Inhaling loose asbestos fibres presents a risk to your health. The use of asbestos has been banned completely in the Netherlands since 1993 and, consequently, exposure to this substance has declined.
Asbestos is a natural material that was frequently used in the past for construction and as insulation. The effects that asbestos can have on health became clear in the 1960s, however. Provided that asbestos is bonded, it is not dangerous. If the fibres come loose from the material to which they have been bonded, however, it presents a risk to health.
When inhaled, loose asbestos fibres can get stuck in lung tissue and may go unnoticed.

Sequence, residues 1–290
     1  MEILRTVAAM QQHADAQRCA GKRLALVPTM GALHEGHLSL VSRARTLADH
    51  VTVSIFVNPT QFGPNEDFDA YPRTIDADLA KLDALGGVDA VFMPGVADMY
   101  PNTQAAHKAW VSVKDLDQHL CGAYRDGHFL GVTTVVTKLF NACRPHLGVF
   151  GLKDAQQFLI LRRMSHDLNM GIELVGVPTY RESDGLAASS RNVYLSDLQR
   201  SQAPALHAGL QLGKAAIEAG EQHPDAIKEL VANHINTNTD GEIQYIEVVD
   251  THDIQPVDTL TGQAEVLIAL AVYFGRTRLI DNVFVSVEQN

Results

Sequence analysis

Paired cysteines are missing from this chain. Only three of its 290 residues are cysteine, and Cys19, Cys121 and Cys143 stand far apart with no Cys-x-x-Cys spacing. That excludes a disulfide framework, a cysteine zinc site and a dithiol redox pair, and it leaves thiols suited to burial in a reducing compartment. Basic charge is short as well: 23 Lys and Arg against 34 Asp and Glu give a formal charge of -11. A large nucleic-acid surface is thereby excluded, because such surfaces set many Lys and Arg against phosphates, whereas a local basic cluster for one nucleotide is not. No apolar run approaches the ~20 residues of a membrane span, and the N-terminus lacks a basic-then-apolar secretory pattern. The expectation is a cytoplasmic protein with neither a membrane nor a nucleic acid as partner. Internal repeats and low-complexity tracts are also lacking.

Asbestos and your health
There are a number of health effects associated with exposure to asbestos.
Exposure to asbestos increases the risk of lung cancer
Exposure to asbestos increases the risk of developing lung cancer.
Loose asbestos fibres can become stuck in the lung tissue, cause damage there and eventually lead to cancer. There is often more than 20 years between the time of exposure to asbestos and the point when cancer develops.
Exposure to asbestos increases the risk of oesophageal cancer
There are indications of a link between exposure to asbestos and oesophageal cancer, but these are not conclusive.
iGene offers you an insight into your personal risks of developing conditions and tells you whether preventing exposure to asbestos may be particularly important for you to help prevent certain conditions. In addition, an iGene Passport provides you with information on what else you can do to reduce any risks. Here we focus on behaviour that will help you maximise the benefits to your health. In the publication below you can read more about what iGene can do for you.